There’s a simple solution to this problem. Our government has granted online platforms an enticement which has, in effect, deputized them as the crony clique’s information gatekeepers. Section 230 grants immunity from legal liability for user-generated content, even when that content’s reach is substantially enhanced by a platform’s algorithmic manipulation. 

We suggest a different rule: algorithmic manipulation which amplifies the reach of user-generated content, in relation to other content, should result in a platform’s potential legal liability for that content, much as if the platform were its publisher. With that modification, free speech of users would again be fully protected, because platforms would no longer be able to claim that their free speech rights include being immune from liability when they take steps to ensure that select users do the talking for them. 

After all, if a platform gives preferential treatment to content which supports a certain narrative in relation to the “disinformation” which challenges it, then isn’t it only fair to assign legal liability when the assertion implied and supported by such manipulation is fraudulent or defamatory?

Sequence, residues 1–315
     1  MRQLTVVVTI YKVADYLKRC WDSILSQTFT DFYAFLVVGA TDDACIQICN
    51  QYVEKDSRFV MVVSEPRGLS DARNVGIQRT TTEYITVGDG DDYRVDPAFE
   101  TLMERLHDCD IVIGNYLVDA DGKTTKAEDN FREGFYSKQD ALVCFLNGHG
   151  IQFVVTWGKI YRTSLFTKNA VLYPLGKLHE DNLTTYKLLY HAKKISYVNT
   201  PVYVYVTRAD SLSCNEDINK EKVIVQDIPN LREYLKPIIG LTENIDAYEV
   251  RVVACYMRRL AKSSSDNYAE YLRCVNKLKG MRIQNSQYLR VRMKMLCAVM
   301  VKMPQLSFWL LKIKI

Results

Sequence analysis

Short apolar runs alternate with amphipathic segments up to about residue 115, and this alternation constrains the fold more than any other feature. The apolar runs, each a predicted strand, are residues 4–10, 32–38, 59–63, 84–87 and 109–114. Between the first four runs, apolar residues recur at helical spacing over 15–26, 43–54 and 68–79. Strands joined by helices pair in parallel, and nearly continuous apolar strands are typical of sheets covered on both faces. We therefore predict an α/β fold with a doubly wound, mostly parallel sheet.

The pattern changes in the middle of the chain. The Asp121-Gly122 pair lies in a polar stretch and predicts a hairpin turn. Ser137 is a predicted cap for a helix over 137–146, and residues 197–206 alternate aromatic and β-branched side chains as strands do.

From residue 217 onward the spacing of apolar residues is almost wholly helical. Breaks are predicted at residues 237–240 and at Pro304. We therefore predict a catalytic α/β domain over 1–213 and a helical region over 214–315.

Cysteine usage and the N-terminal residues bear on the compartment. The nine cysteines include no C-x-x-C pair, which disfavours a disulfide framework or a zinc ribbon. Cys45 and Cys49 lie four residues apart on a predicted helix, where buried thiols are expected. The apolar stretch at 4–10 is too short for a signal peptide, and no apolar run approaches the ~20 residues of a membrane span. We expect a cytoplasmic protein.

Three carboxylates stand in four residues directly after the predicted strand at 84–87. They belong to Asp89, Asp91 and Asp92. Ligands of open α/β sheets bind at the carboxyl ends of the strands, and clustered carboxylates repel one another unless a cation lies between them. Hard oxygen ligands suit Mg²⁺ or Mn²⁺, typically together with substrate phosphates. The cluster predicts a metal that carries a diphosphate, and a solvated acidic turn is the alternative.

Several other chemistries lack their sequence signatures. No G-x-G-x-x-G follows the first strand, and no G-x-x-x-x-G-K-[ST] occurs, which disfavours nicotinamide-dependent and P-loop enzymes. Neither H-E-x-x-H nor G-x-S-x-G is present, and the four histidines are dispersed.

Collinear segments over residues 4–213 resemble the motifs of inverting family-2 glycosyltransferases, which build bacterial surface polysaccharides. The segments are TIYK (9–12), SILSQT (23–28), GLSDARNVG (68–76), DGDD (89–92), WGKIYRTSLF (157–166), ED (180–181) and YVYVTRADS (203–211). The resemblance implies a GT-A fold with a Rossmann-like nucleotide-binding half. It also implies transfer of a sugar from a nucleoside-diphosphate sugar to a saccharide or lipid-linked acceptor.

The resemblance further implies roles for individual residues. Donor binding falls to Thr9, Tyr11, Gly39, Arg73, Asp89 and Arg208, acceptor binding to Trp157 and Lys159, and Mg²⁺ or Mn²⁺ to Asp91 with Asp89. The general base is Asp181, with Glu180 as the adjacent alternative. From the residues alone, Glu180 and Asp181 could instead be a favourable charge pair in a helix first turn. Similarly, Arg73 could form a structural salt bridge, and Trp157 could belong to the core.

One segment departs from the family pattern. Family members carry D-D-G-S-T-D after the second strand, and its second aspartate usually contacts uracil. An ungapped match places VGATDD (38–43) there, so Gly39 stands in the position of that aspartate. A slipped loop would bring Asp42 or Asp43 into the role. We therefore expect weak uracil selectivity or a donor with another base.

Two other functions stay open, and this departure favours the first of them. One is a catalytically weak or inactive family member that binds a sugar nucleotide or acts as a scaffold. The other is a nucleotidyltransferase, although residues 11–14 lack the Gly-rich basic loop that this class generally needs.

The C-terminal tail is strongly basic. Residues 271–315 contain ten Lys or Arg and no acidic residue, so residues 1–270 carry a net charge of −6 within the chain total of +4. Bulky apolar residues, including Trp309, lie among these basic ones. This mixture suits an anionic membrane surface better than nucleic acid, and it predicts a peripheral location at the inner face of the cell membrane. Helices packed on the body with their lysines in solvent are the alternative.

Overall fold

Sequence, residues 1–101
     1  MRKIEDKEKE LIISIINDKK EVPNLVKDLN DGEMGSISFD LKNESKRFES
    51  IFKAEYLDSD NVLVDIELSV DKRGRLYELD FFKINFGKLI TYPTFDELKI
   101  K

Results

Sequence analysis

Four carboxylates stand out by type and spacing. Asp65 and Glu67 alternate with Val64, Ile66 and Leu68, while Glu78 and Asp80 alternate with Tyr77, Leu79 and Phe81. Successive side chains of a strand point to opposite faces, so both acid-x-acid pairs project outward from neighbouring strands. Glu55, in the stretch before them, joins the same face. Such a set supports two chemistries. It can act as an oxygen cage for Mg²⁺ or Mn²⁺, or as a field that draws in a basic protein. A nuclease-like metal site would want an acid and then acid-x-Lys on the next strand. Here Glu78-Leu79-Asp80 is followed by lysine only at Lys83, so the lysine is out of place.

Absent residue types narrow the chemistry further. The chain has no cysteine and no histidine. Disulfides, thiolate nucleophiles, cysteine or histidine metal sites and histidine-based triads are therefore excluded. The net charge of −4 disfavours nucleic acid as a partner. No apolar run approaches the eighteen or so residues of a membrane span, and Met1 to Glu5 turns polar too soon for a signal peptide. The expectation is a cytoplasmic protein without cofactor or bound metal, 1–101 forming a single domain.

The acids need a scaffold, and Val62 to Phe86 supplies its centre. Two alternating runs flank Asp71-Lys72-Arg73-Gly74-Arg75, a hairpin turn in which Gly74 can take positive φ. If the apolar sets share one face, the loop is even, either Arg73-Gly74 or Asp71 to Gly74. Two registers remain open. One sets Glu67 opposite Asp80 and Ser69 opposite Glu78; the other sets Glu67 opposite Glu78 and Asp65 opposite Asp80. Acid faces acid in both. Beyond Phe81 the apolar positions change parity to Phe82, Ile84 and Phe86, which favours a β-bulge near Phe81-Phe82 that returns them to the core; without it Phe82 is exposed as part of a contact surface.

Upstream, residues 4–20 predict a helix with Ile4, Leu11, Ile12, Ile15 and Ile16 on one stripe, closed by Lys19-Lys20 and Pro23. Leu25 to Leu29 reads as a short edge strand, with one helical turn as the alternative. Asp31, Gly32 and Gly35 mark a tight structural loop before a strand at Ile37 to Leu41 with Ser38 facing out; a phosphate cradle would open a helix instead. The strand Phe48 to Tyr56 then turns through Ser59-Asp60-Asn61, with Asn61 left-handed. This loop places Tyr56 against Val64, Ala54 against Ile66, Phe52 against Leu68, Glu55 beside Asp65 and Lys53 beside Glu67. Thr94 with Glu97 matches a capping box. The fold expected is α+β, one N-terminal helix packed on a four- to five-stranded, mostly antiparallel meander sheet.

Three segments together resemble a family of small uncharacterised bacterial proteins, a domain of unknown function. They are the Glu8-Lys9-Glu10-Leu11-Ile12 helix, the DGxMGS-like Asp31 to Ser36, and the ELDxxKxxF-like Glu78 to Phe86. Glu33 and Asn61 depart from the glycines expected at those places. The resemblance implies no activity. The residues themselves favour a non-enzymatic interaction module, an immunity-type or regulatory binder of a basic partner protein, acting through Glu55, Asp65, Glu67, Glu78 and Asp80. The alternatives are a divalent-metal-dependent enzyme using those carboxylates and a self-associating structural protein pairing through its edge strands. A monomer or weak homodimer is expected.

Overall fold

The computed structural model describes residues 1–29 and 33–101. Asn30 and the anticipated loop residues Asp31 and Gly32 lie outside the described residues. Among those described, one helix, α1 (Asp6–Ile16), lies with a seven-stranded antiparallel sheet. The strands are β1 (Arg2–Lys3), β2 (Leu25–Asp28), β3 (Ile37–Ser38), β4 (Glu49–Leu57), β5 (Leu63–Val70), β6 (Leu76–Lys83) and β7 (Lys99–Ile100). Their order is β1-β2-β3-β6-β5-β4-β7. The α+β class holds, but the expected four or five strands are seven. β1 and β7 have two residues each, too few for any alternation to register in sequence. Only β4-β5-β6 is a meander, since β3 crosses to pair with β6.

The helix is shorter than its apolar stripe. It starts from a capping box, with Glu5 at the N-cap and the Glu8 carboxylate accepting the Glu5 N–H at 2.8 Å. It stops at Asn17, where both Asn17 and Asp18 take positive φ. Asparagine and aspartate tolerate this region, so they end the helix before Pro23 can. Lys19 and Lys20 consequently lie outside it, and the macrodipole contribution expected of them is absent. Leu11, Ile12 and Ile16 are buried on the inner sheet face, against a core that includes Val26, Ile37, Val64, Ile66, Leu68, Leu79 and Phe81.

Whether this change would require a narrower interpretation of, an amendment to, or a total repeal of Section 230 is open for debate. What’s not open for debate is that it would make platforms less eager to manipulate their users into outsourcing their critical thinking to “fact checkers,” “trusted partners,” or opaque algorithms. 

The real battle in this election year is ensuring that the consent of the governed is granted by voters whose minds have been left truly free, and given every opportunity to become fully informed.

Jeffrey and Amy are Strategic Investor and Chief Policy Officer, respectively, for BitChute, a video service provider which puts creators first, and facilitates and advances, to the maximum extent possible, our users’ exercise of their fundamental rights. BitChute is committed to fighting hate through debate, rather than resorting to algorithmic manipulation or censorship.

The views and opinions expressed in this commentary are those of the author and do not reflect the official position of the Daily Caller.